Final grade: B

Up next: The second book in the series features two romances for the price of one.

Review: Silent in the Grave by Deanna Raybourn

Published August 17, 2012 by Shannon

Silent in the Grave (Lady Julia, #1)
Title: Silent in the Grave
Author: Deanna Raybourn
Genre: mystery
Series: Lady Julia Gray 1
Source: audiobook
Read on: August 7, 2012

Synopsis from goodreads:

“LET THE WICKED BE ASHAMED, AND LET THEM BE SILENT IN THE GRAVE.” These ominous words, slashed from the pages of a book of Psalms, are the last threat that the darling of London society, Sir Edward Grey, receives from his killer. Before he can show them to Nicholas Brisbane, the private inquiry agent he has retained for his protection, Sir Edward collapses and dies at his London home, in the presence of his wife, Julia, and a roomful of dinner guests. Prepared to accept that Edward’s death was due to a long-standing physical infirmity, Julia is outraged when Brisbane visits and suggests that Sir Edward has been murdered. It is a reaction she comes to regret when she discovers the damning paper for herself, and realizes the truth. Determined to bring her husband’s murderer to justice, Julia engages the enigmatic Brisbane to help her investigate Edward’s demise. Dismissing his warnings that the investigation will be difficult, if not impossible, Julia presses forward, following a trail of clues that lead her to even more unpleasant truths, and ever closer to a killer who waits expectantly for her arrival.

Mysteries are a hard sell for me. I keep accumulating them, thinking that I will become a fan of the genre through sheer force of will. It hasn’t happened yet. I like books with strong female leads, and I have little interest in reading about women as victims or near victims, though my love for romantic suspense means I can put up with that plot device for a good love story. I’m also not a fan of authors going into almost pornographic detail about the descriptions of said victimization. And yet, the idea of reading books where murder happens offscreen and is solved by somebody’s super-intelligent animal companion makes my teeth ache. There are authors whose books I adore, even some violent ones, but they are few and far between.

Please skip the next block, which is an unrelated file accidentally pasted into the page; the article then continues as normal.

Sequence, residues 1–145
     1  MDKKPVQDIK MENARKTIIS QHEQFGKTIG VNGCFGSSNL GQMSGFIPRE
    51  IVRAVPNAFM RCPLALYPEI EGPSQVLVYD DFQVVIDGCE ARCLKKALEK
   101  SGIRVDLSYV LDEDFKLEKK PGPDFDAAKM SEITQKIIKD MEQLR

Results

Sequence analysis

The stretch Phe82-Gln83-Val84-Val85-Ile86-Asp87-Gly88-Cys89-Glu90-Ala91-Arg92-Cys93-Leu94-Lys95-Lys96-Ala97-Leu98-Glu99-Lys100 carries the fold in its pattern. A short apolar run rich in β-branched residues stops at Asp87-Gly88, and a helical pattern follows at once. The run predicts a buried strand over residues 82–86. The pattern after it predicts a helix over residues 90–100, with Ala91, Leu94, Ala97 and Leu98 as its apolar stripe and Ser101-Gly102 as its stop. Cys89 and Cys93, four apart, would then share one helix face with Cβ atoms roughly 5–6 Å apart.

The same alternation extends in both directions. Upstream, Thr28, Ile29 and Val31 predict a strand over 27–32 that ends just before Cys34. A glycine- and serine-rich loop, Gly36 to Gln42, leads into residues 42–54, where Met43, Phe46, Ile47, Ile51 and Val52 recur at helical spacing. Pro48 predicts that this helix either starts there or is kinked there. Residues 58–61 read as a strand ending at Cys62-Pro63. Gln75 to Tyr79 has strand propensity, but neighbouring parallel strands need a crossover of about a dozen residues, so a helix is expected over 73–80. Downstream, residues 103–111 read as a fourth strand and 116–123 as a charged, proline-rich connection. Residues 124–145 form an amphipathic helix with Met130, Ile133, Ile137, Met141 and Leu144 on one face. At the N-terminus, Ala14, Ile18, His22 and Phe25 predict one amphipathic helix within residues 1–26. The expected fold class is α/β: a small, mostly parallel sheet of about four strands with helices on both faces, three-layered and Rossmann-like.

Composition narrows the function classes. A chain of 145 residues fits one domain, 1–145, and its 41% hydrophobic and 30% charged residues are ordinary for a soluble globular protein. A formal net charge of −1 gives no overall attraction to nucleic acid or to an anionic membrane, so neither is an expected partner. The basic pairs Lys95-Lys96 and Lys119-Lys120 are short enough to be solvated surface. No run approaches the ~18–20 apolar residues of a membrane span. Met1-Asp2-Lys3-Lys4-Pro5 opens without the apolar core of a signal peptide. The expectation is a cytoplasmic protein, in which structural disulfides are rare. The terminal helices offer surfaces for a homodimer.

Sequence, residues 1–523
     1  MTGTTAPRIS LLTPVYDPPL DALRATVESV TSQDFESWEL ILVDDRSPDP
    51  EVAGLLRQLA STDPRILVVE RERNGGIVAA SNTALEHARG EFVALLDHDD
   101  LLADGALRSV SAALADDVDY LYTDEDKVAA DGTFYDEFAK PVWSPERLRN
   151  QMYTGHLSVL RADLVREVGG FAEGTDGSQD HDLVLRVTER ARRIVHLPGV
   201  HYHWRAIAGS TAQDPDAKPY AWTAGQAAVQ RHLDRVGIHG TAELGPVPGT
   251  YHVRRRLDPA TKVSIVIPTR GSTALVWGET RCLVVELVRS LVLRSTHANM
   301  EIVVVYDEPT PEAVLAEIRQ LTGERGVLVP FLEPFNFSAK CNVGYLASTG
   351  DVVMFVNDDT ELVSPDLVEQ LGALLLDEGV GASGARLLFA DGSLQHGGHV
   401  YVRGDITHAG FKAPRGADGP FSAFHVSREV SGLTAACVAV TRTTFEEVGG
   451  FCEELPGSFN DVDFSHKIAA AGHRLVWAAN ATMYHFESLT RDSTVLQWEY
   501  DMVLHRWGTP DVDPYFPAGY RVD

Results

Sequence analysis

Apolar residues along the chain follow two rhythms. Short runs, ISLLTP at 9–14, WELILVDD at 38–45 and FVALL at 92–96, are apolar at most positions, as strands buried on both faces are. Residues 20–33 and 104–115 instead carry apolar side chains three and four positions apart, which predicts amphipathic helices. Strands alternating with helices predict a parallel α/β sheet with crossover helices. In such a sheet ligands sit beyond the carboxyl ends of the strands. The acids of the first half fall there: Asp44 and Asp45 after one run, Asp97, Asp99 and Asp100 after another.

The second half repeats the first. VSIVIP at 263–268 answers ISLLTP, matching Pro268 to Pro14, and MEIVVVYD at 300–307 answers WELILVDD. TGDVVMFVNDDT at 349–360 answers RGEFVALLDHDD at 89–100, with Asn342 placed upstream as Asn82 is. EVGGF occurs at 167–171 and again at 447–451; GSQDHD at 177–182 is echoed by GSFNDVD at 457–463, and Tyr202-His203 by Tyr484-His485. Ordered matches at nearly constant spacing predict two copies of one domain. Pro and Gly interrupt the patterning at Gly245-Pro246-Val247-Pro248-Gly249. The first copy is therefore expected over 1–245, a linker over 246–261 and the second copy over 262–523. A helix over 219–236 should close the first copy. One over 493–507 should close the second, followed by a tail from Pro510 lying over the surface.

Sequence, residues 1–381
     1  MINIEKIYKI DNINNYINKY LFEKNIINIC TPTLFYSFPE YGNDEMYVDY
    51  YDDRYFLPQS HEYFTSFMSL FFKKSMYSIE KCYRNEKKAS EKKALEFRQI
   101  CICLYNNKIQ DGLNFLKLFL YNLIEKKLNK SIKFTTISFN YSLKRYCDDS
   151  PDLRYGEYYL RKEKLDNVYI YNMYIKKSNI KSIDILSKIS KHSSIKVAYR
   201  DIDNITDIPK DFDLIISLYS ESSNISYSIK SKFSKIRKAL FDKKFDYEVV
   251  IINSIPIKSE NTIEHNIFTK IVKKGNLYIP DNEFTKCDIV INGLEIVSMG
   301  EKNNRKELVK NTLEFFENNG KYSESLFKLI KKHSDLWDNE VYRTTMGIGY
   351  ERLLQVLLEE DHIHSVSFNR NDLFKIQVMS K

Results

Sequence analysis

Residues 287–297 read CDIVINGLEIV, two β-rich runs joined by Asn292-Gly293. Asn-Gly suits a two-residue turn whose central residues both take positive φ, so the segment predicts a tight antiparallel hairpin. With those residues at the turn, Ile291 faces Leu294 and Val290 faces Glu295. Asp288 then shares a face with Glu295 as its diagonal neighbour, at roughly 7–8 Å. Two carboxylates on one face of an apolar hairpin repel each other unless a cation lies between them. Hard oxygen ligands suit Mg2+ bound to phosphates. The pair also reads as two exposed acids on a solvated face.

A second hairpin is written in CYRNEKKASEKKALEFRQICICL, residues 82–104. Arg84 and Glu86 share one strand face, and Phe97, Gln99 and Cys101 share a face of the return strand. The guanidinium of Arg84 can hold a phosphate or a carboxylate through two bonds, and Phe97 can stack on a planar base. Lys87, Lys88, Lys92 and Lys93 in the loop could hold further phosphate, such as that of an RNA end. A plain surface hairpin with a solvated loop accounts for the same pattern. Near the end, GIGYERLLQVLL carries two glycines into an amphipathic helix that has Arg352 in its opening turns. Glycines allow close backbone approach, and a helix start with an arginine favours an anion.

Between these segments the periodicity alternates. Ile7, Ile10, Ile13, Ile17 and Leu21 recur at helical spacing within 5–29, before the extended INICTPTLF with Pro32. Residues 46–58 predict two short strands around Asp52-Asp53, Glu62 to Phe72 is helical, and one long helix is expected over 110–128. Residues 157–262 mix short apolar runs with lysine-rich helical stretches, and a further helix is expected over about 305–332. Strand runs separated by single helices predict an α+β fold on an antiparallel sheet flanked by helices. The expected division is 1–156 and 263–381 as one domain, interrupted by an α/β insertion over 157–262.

The first Lady Julia Gray mystery seemed like the sort I would like. Enough violence to get the plot moving, a first-person female narrator (which means I’m not likely to read lovingly detailed descriptions of her torture) and an interesting setting in the Victorian era. I’m pleased to report that it delivered, and I have a new series to add to my ever-increasing list of series to keep plugging away at until I finish.

I liked Julia as a character. She’s a little silly, and a little naive, which I could see being an irritant to some readers, but she worked for me because she was a genuinely nice person. Some of her silliness could be excused due to her life circumstances, so I’m able to cut her a bit of a break there, especially when other characters call her on it, particularly the enigmatic Brisbane. I also thought that some of Julia’s more modern sensibilities were excused in a way that worked for me.

The other characters worked in varying ways. I know that Brisbane is set up to be a future love interest, but I feel about him the way I feel about Roarke from the Eve Dallas books. I could take him or leave him at this point. I thought the whole mysterious past and tortured hero thing he had going for him was a little overwritten, but at least he’s not a fictional character in Julia’s universe, so I’m willing to give him another book or so to woo both me and Julia. The truly great characters, though, were Julia’s family. I loved her father, and I adored Julia’s sister Portia, who has taken up with Jane, a woman she met during her short marriage to her fabulously wealthy and old husband. I wanted more about Portia and Jane, and was more invested in their romance than the intrigue over Brisbane.

As for the mystery, it wasn’t particularly interesting to me. In fact, it seems to be forgotten for side trips involving the March family, which is OK because I had it figured out a long time before Julia did. I didn’t know quite how it had been done, or the motive, but I had the killer worked out fairly quickly.

Overall, I found this a satisfying start to a series I’m excited to keep up with. I want more of the March family, and I’m curious to see how Julia grows as a character.

Final Grade: B

Up next, we begin a week with the Rough Riders.